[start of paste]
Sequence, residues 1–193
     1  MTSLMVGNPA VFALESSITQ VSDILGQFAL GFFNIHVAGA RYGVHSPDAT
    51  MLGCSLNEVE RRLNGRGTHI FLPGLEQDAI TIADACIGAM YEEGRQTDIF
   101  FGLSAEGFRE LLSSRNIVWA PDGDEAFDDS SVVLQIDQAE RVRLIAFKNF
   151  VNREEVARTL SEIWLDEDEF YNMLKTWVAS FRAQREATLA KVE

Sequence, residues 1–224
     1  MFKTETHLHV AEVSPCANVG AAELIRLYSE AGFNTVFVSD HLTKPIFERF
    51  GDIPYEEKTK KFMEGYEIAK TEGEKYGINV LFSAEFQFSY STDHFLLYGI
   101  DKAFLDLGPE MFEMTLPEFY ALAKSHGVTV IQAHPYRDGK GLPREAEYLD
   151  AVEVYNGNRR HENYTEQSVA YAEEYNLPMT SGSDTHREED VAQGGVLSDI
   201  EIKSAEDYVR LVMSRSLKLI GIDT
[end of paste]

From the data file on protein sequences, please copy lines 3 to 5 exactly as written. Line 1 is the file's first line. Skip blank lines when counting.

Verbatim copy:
    51  MLGCSLNEVE RRLNGRGTHI FLPGLEQDAI TIADACIGAM YEEGRQTDIF
   101  FGLSAEGFRE LLSSRNIVWA PDGDEAFDDS SVVLQIDQAE RVRLIAFKNF
   151  VNREEVARTL SEIWLDEDEF YNMLKTWVAS FRAQREATLA KVE